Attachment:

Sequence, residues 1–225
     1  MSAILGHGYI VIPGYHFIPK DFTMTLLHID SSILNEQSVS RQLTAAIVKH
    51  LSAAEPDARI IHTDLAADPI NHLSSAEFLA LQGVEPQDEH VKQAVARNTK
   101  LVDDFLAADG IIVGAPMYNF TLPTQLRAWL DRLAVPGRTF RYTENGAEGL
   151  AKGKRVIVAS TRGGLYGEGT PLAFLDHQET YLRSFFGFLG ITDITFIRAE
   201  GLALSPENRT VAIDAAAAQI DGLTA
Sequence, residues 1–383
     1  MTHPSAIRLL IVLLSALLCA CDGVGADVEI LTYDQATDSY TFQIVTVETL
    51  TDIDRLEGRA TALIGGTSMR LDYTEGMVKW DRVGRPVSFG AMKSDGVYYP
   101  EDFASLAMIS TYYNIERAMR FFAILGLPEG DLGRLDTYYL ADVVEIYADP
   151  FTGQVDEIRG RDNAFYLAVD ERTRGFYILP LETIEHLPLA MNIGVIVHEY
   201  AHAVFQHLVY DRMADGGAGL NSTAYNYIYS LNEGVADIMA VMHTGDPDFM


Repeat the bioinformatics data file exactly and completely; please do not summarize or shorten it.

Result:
Sequence, residues 1–225
     1  MSAILGHGYI VIPGYHFIPK DFTMTLLHID SSILNEQSVS RQLTAAIVKH
    51  LSAAEPDARI IHTDLAADPI NHLSSAEFLA LQGVEPQDEH VKQAVARNTK
   101  LVDDFLAADG IIVGAPMYNF TLPTQLRAWL DRLAVPGRTF RYTENGAEGL
   151  AKGKRVIVAS TRGGLYGEGT PLAFLDHQET YLRSFFGFLG ITDITFIRAE
   201  GLALSPENRT VAIDAAAAQI DGLTA
Sequence, residues 1–383
     1  MTHPSAIRLL IVLLSALLCA CDGVGADVEI LTYDQATDSY TFQIVTVETL
    51  TDIDRLEGRA TALIGGTSMR LDYTEGMVKW DRVGRPVSFG AMKSDGVYYP
   101  EDFASLAMIS TYYNIERAMR FFAILGLPEG DLGRLDTYYL ADVVEIYADP
   151  FTGQVDEIRG RDNAFYLAVD ERTRGFYILP LETIEHLPLA MNIGVIVHEY
   201  AHAVFQHLVY DRMADGGAGL NSTAYNYIYS LNEGVADIMA VMHTGDPDFM